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The 1950s way of tackling the pensions crisis

It’s been one of those days which makes me want some heartwarming escapism at the end of it (and, let’s face it, when has that ever been a bad way to end a day?) so I thought I’d bring you my favourite among the old books I’ve picked up in recent years.

"How to Live Well on your Pension" by W.P.A. Robinson, 1955

How to Live Well on your Pension was written by a gentleman called W.P.A. Robinson and, according to my Googling, was published in London in 1955 (the year my parents were both born). As you might guess from the title, Mr Robinson describes the means by which he has achieved a satisfactory quality of life during his retirement in spite of his income now being considerably smaller than when he was working. Just the book’s cover makes me grin (once I’ve set aside its message that smoking is integral to a hard day’s work).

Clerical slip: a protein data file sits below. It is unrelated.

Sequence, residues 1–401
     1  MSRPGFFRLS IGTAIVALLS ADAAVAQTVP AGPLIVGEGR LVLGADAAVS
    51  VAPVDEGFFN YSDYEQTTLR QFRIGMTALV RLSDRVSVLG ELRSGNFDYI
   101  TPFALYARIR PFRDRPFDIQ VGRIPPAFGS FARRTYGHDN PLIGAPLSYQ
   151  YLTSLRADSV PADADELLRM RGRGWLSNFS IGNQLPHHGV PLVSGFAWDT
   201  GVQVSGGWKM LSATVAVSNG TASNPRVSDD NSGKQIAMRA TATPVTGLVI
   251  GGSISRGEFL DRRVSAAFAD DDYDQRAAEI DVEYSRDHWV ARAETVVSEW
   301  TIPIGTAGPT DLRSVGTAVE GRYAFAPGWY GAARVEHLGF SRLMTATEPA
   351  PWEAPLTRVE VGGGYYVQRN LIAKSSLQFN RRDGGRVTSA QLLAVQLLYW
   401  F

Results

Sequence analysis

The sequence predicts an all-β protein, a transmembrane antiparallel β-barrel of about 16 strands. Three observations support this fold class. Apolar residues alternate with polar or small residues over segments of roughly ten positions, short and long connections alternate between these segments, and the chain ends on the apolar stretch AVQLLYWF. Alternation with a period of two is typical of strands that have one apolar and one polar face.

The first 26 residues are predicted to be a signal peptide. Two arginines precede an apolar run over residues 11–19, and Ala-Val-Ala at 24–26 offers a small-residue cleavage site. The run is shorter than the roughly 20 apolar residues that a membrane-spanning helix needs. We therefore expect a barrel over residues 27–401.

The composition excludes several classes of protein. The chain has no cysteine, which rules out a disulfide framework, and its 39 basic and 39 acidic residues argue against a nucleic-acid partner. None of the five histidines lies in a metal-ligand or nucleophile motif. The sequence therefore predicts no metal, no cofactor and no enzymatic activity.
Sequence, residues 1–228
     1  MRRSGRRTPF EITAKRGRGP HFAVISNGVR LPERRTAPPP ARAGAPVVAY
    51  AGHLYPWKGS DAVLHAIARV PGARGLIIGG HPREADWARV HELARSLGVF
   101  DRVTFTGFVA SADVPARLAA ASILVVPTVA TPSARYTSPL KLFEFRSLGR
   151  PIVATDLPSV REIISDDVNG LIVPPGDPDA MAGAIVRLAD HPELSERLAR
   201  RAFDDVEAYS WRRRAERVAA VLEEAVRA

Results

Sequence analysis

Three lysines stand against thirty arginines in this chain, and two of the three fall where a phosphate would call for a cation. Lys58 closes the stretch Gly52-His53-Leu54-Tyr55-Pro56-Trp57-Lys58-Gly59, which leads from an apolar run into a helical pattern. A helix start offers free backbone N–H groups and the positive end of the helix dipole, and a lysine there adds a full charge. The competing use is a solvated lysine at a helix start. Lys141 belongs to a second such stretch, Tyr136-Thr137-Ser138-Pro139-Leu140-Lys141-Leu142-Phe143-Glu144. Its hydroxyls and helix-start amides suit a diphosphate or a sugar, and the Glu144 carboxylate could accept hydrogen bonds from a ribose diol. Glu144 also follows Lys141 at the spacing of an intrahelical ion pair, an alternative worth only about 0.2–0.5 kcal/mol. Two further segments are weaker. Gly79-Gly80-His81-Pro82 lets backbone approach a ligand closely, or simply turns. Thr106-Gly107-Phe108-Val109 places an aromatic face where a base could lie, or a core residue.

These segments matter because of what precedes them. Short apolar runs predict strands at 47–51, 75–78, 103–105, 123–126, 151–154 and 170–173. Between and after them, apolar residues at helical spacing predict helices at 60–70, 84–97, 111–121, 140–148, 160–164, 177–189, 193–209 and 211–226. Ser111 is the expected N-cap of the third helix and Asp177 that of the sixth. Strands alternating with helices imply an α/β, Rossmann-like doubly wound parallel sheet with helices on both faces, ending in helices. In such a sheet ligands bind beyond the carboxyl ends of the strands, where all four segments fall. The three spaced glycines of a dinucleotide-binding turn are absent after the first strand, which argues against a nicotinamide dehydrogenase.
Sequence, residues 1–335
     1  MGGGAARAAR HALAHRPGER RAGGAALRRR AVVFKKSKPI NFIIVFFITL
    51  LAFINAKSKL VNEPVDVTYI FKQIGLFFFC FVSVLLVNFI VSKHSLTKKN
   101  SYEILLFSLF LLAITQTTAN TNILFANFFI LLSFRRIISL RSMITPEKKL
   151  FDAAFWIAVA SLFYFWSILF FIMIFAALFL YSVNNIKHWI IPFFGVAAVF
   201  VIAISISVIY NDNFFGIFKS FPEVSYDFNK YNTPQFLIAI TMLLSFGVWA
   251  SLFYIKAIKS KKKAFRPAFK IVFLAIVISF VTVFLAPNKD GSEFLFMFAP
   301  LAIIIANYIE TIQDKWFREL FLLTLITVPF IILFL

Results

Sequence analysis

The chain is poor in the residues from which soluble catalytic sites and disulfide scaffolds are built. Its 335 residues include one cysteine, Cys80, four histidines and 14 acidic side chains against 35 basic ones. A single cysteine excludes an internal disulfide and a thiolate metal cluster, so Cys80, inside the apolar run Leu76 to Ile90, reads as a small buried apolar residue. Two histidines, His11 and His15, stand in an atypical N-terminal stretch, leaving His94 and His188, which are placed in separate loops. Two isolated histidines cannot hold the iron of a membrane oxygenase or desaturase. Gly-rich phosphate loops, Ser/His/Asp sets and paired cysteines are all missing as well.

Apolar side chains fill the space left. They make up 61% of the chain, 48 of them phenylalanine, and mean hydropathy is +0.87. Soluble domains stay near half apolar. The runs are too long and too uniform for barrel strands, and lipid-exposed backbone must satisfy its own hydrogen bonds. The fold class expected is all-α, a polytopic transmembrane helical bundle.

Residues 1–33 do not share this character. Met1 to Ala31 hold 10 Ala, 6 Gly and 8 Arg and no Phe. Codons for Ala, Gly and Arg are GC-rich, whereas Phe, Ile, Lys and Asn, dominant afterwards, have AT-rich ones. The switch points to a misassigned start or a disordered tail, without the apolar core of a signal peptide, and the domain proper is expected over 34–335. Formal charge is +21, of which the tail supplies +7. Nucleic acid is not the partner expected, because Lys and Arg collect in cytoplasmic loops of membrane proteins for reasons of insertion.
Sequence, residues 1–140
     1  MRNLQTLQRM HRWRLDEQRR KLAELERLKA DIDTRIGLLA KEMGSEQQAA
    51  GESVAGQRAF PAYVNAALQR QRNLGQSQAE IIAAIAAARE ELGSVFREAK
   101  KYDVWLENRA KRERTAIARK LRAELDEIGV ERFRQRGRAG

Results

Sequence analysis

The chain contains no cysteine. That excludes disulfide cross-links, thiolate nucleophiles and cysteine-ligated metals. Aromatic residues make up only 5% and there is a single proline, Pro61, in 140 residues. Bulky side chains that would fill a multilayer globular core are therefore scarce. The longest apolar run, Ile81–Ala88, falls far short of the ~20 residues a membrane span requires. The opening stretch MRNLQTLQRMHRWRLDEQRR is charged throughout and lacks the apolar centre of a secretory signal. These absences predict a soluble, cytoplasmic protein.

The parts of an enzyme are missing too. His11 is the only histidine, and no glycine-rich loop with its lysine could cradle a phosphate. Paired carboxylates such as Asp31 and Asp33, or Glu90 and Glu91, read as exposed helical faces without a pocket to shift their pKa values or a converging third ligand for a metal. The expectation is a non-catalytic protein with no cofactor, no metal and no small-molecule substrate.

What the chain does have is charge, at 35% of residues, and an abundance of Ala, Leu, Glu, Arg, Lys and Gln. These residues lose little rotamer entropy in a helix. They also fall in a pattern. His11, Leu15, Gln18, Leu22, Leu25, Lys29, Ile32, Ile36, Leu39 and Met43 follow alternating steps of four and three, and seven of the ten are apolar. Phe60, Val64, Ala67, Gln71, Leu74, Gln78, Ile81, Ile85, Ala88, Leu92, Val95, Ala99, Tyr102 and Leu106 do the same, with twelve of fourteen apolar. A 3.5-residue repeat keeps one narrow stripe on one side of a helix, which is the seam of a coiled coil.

I find fascinating the sections of the book where Mr Robinson describes in detail his everyday routine, both because of the differences – and lack of – that fifty-six years have brought about, and the simple pleasure of learning the mundane but intimate details of someone else’s life. Here’s one of my favourite sections:

Early morning tea is fun because one has the kitchen to oneself. Personally, I always get the things ready overnight and shave while the kettle’s boiling, which fits in very well later. I then go up with the tea and a small battery wireless set, and we drink our tea and hear the ‘Weather and News’ – seven o’clock in the summer and eight o’clock in the winter.

Then, after listening to a lot of clotted nonsense talked interminably at conferences by ‘The Minister for Bubble-Blowing, who was accompanied by fourteen experts and six interpreters’ we discuss items of real importance such as sowing sweet peas, ordering more hen food, or planting out tomatoes.

I’ll be going to sleep with a smile on my face after that.


About SarahAnderson

I love old stuff and like to write.

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